a. Even better if I’m supporting them for a product they release to the general public. I’m not doing it for exclusive content.
    b. Patreon, as far as I know, is not setup for releasing products very well. If you have a Patreon and someone comes later, they have access to all the earlier stuff. This is great value for the late comer, but it also sometimes makes the early supporter feel bad. You can do a lot of extra work to remove old products so late comers don’t get “free” access to old products, but it’s a lot of work.
  2. I love posts with value. I hate posts with no value. The more posts that have no value to me, the closer I get to cancelling my support to you.
  3. I would rather support a few people at higher $$$, then more people at lower $$$. I do this because I understand that the creators get a smaller percentage on smaller pledges, due to higher percentages of pledges being taken out for fees and processing. This means that if I have $100 allocated per month, I’d rather spend it on 10 or less people, then 100 people at a $1 pledge. Does this mean I don’t support some people I probably could, yes. But it is one of my quirks about me trying to be as efficient as I can.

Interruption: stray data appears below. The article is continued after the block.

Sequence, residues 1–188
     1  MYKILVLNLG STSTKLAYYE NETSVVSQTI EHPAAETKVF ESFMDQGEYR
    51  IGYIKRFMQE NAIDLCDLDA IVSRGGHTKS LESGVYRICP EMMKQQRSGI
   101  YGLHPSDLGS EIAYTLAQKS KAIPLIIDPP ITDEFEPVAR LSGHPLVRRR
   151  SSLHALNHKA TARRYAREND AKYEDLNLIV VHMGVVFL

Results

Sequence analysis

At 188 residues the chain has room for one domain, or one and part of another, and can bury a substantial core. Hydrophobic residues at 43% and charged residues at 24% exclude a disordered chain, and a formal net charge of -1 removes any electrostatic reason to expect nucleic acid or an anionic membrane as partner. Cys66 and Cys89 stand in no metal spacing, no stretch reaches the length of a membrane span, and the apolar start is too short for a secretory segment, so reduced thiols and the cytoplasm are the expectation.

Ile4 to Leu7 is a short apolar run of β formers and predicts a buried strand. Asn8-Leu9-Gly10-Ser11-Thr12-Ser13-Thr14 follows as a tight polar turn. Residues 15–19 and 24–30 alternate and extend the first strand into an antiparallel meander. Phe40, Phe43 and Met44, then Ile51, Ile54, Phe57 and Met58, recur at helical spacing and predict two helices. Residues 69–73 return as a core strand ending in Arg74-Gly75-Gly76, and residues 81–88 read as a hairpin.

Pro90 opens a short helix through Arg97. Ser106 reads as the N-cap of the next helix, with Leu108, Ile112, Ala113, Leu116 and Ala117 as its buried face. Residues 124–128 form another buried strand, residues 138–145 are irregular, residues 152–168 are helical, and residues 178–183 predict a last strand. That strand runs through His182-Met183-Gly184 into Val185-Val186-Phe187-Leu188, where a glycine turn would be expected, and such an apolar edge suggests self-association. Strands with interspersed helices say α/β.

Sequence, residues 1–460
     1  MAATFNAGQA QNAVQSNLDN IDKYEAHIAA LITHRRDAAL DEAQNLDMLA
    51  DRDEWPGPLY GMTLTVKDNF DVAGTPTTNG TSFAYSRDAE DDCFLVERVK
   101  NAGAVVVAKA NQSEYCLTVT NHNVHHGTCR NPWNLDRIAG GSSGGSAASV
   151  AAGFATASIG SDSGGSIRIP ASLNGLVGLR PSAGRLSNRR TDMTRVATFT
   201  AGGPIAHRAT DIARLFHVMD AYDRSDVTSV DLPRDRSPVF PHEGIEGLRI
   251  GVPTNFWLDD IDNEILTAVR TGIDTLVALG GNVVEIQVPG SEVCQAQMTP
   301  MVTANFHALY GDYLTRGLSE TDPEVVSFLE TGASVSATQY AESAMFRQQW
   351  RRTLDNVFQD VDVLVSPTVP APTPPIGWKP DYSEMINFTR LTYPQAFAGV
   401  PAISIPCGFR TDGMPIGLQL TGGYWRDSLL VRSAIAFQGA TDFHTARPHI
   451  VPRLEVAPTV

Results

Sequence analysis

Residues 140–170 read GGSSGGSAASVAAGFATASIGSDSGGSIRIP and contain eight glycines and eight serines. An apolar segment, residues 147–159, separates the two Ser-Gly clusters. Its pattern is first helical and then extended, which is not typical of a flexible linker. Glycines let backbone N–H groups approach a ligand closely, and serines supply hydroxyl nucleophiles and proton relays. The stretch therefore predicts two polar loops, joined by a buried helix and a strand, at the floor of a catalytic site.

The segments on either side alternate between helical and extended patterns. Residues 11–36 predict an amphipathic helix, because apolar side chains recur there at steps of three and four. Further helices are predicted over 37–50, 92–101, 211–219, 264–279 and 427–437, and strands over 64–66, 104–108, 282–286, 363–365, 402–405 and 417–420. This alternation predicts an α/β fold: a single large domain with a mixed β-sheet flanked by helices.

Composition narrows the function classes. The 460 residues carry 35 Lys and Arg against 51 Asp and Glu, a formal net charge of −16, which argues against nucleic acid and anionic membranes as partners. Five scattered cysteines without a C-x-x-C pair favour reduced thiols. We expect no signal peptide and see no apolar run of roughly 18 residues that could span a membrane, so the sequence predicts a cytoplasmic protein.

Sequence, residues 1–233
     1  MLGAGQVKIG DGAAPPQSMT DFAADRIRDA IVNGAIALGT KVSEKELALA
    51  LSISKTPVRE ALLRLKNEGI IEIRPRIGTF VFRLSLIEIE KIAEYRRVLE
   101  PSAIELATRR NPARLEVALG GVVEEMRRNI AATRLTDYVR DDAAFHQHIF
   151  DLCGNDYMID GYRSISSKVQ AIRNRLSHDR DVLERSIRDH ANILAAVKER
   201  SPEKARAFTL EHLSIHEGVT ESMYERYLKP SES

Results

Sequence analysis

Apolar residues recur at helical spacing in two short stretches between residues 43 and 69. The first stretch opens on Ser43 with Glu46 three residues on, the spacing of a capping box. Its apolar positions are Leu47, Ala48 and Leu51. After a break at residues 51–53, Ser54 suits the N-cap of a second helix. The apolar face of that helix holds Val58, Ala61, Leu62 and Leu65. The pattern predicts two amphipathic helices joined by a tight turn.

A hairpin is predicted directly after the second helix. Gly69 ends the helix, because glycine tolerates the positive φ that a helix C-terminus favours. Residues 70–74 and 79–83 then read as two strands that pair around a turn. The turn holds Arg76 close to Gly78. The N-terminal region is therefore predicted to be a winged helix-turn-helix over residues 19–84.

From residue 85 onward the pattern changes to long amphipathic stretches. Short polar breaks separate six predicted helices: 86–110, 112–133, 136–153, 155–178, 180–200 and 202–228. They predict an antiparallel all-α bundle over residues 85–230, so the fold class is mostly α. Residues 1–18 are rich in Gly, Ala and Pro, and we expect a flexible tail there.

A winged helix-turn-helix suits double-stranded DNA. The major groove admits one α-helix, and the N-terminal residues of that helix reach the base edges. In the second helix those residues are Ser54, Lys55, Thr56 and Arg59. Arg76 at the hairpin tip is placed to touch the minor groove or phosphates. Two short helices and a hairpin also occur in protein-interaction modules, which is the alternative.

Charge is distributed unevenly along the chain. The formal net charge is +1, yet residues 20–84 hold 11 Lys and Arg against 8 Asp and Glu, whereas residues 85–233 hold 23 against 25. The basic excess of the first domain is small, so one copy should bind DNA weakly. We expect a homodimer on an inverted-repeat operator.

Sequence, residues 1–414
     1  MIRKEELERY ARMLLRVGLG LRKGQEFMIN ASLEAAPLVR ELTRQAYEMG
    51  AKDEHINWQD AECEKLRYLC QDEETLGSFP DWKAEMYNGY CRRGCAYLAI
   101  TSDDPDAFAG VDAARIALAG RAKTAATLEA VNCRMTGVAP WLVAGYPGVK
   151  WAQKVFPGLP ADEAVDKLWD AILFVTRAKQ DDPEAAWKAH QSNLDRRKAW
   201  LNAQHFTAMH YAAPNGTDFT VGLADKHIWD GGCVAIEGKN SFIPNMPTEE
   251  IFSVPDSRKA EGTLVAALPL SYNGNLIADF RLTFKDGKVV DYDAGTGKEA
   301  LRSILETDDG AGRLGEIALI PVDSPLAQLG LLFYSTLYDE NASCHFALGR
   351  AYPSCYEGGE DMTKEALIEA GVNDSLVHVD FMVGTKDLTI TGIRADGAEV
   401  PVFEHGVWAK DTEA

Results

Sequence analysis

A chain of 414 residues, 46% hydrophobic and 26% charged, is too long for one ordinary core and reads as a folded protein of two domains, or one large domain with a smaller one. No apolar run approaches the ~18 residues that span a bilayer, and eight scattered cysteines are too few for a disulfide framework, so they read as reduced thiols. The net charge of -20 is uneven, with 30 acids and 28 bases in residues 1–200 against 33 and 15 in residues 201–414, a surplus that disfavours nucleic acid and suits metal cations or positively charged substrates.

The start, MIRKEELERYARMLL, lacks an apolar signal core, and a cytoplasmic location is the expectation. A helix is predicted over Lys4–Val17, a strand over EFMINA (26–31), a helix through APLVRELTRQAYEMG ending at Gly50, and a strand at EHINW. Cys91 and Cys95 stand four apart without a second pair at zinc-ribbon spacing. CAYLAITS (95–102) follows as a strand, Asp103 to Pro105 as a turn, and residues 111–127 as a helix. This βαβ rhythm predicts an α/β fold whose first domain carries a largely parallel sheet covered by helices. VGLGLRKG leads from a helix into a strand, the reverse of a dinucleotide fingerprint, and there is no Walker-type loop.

I know thisn’t exactly specific helpful advice for your Patreon, but hopefully it will be useful to see one person’s perspective on Patreon.


#7

I would like some advice on Patreon as well.

I don’t really have much creative content out in the world yet, but am slowly building it. I want to start a Patreon to get some income based off my creative work.

Should I wait to “launch” it until I have more stuff out there? Or just do it and keep promoting it as I go?


#8

Ask yourself if having that Patreon out there will be on balance a motivator or a source of anxiety and proceed accordingly, is what I’d do. For me, an extra point or two of discount for jumping the gun isn’t worth the anxiety that knowingly putting an incomplete appeal into the world would cause me.


#9

I think you have have a creator account without launching it / making it public. Someone correct me if I’m wrong.


#10

I think Kickstarter might be a better route, tbh. Patreon implies an ongoing relationship throughout the year, which makes sense for creators who put out things at regular intervals (like we do with podcasts and Codex). An annual Kickstarter might be a better way of raising money for an annual event.